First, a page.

Logo Phegea Butterflies in the Benelux
Frits Bink & Rosita Moenen 2015

Based on: Dagvlinders in de Benelux 2013
Revised and extended
Edited by Sylvain Cuvelier & Peter Russell

Vlaamse Vereniging voor Entomologie
VVE Werkgroep Dagvlinders

Flemish Entomological Society
VVE Workgroup Butterflies

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85. Hipparchia fagi (Scopuli, 1763) / Woodland grayling / Nymphalidae – Satyrinae

NL: grote boswachter / D: Groβer Waldportier / F: sylvandre

Photographs: Frits Bink ©.

Large, wing length 31 (29-33) mm. Occurs in the Benelux as a stray in Luxemburg and Wallonia. Recorded from the Netherlands only once, in 1901. In the nearby Vosges it inhabits edges of copses in chalk grassland where there is also some grazing by cattle.

Butterfly is on the wing from end-June until early-September, peaks end-July.
The species is known from sub-continental to mild continental climates, amplitude 7 to 17. Required heat sum 900°d and maximum tolerated 1800°d, corresponding climate windows 26 and 35 weeks.

The species Hipparchia fagi is an inhabitant of woodland and wood edges, whereas the very similar species H. alcyone and H. genava prefer open, rocky landscapes.
H. fagi survives during long periods of bad weather by sheltering in hollow tree trunks. An important element of its habitat is the presence of tree trunks exposed to the sun, bordering its territory.

Ecological characteristics

Behaviour over time
Overwintering: half grown larva in third instar, 9-10 mm in length, hidden in tussock of its host-plant.
Reproduction: oviposition starts after 12-18 days when the body contains 50 (41-49) eggs, estimated production 2.8 times as much.
Larval feeding periods: summer 40 (28-53) days in period from end-August until early-October, next spring 110 (92-132) days from end-March until end-June.
Generations: one.
Spreading of risk: not observed.
Life cycle: egg about 13 days; larva 39-43 weeks; pupa 37 (34-40) days.
Life span of adult: long, up to 5 weeks.

Photographs: Frits Bink ©.

Behaviour in space
From stay-at-home to migrant: stay-at-home, spatial requirement modest.
Finding a mate: male perches and patrols.
Orientation in the landscape: edge of wood or open forest, also neglected orchards.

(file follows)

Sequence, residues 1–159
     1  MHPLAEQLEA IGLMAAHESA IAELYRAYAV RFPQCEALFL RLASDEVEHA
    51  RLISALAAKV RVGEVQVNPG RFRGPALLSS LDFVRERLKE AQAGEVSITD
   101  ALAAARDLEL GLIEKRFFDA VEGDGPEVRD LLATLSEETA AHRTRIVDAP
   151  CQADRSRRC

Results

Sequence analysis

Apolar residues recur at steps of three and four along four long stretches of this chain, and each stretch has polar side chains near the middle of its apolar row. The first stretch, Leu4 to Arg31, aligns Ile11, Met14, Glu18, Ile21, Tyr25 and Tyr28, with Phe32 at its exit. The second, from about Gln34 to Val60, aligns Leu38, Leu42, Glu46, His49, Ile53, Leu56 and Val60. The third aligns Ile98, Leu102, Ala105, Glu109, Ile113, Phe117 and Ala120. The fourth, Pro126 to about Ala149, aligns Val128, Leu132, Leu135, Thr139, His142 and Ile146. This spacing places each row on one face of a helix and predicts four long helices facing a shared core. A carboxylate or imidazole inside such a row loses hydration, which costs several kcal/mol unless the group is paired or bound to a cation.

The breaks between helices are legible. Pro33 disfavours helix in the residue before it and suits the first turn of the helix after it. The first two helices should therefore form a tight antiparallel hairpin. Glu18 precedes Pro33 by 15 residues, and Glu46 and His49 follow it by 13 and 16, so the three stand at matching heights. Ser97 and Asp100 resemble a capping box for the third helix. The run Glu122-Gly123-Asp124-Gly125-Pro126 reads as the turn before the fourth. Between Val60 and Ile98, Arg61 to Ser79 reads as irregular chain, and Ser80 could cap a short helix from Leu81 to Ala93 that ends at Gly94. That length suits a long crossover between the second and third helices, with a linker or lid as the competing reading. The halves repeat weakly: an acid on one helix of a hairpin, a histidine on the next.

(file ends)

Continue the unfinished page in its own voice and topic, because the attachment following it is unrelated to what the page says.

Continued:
Oviposition: eggs on the stems of tall grass.

Threats from other organisms: avoids predation risk by concealment in larval and adult stages and pupating in the soil.
Threats from the environment: over-grazing of the grass vegetation and closing of the canopy of the wood.

Feeding habits
Adult: juice of wounded trees and rotten fruit.
Larva: basks early in the spring, moves around in summer.

Larval foodplants
Plant species: Poaceae, e.g. Brachypodium pinnatum, Bromopsis erecta, Festuca arundinacea, F. rubra. In rearing experiment also accepted Deschampsia cespitosa, Melica nutans (preferred).

Rearing experiment based on specimen from Bollenberg, Vosges, France:
25 July 1983: female captured.
4 August some eggs became dark in colour.
9 August: all eggs had hatched.
28 August: all larvae had begun feeding.
25 September: biggest larva third instar.
Overwintered outdoors.
5 February 1984: pots taken indoors, larvae were all of the same length, 12 mm, and some were already active.
14 February: a quarter of the larvae had moulted.
23 February: larvae end fourth instar, 18 mm in length.
15 March: one larva in moult.
20 March: one larva in last instar, 30 mm in length and active at night.
10 April: 11 larvae near to pupation (sandy soil available for pupation).
23 April: biggest larva 40 mm in length.
14 May: first pupa seen.
22 May: a few larvae still feeding, also traces of digging seen. Larvae 40 mm in length.
26 May: three fresh pupae, all males, five prepupae and about 15 larvae still feeding in the grass tussock.
18 June: last larva pupated.
23 June: first adult appeared, male.
8 July: first female appeared.
20 July: one female hid in a hole in the tree trunk and stayed there for 6 days during a spell of cold weather.
26 July: oldest female had laid 27 eggs (preoviposition period 16 days!)

Larval food-plant preference experiments:
1. 23 April: Sesleria caerulea and Melica nutans offered: from the former only flower heads were eaten, whereas Melica was eaten down to the ground.
2. 3 May: Deschampsia cespitosa and Molinia caerulea accepted, Arrhenatherum elatius refused.

Table 85-1. Results of dissections

Table 85-2. Collection and observation localities

F, Aurel, 400 m, 44° 43’N – 5° 16’E; 29 August 1984, 2 September 1984.
F, Vosges, Bollenberg, 363 m, 47° 56’ 54”N – 7° 15’21”E; 25 July 1983, 11 June 1984.
F, Vosges, le Zinnkoepfle, 481 m, 47° 57’ 56”N – 7° 15’ 08”E; 10 July 1984, 22 August 1984.

Fig. 85-1. Hipparchia fagi, phenogram adapted from Ebert & Rennwald 1991b: 15.

Fig. 85-2. Hipparchia fagi, habitat characteristics.

Fig. 85-3. Hipparchia fagi, climate matrix, heat-sums 900 - 1800°d.

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Contact Werkgroep Dagvlinders: Jurgen Couckuyt